Hong Kong Rock bands and dancing dragons celebrated the 10th anniversary Sunday of Hong Kong's handover to China, but there were also protests to demand democracy and anxiety about the future of the ex-British colony.
After a bumpy decade of recession followed by a robust recovery with help from the booming mainland, its ports are losing dominance to Shanghai and Singapore, and impatience for full democracy is growing - a source of friction with the city's Communist overlords in Beijing.
Many Hong Kongers agree the next 10 years will be full of tough challenges for the 7 million people living in this global business center on China's muggy southern coast.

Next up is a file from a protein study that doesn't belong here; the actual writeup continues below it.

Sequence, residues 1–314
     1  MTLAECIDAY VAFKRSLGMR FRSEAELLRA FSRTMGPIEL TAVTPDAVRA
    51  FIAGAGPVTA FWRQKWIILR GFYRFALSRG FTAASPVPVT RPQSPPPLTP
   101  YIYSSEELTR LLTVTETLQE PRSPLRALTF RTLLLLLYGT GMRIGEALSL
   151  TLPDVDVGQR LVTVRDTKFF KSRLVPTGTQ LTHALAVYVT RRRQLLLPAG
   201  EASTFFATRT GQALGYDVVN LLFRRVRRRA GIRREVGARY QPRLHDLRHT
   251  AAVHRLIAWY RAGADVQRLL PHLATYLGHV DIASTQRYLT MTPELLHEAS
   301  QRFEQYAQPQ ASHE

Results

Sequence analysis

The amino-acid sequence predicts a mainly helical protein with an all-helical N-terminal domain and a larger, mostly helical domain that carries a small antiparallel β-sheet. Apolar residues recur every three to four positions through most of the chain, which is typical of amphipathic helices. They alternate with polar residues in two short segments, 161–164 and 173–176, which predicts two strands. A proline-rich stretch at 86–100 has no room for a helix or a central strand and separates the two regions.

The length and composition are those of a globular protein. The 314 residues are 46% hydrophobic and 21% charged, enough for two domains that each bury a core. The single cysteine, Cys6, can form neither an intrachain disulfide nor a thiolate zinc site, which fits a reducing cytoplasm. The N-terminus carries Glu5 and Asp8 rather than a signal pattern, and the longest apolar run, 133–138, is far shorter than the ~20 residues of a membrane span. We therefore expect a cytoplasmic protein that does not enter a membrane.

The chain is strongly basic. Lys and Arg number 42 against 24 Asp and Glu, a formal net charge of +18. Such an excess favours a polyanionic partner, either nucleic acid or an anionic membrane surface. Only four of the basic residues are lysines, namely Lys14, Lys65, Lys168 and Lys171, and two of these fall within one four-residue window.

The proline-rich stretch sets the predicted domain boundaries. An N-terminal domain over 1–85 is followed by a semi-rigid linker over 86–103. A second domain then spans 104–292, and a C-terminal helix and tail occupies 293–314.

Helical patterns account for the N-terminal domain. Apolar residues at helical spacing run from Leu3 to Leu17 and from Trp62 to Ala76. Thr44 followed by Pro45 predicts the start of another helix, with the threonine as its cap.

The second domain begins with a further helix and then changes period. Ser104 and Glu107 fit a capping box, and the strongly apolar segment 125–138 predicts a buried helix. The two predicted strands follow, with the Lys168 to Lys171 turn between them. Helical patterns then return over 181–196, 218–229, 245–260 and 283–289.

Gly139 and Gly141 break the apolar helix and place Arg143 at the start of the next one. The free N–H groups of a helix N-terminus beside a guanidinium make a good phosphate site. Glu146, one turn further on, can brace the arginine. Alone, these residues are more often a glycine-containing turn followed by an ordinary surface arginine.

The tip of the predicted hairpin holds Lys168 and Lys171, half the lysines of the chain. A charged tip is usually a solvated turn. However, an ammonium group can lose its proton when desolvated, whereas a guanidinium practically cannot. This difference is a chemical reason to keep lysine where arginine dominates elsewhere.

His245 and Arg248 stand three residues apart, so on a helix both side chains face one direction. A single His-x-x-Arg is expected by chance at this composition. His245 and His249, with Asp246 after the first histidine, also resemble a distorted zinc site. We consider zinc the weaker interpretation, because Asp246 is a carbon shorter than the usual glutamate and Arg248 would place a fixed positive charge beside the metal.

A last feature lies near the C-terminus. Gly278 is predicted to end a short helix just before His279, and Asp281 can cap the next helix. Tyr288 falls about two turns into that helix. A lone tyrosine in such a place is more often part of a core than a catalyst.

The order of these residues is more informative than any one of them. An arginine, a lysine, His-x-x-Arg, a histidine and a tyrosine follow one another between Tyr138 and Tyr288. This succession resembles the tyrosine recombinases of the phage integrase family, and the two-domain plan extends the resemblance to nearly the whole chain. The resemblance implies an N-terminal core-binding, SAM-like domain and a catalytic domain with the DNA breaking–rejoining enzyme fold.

They fear rivals like Singapore and Shanghai will seize a bigger chunk of the city's key businesses, such as shipping and financial services. And pollution is a severe problem.
As he began a new term Sunday, Hong Kong leader Donald Tsang reminded the public the city faces "fierce" competition and must transform itself. Tsang wants Hong Kong to be a financial capital on par with New York and London.
After 156 years of British rule, Hong Kong was handed back to China on July 1, 1997, with the promise that the city would enjoy a wide degree of autonomy from the Communist mainland. The territory was allowed to keep its capitalist economy, British-style legal system and civil liberties that mainlanders can only dream about.
For the most part, China has honored its hands-off promise.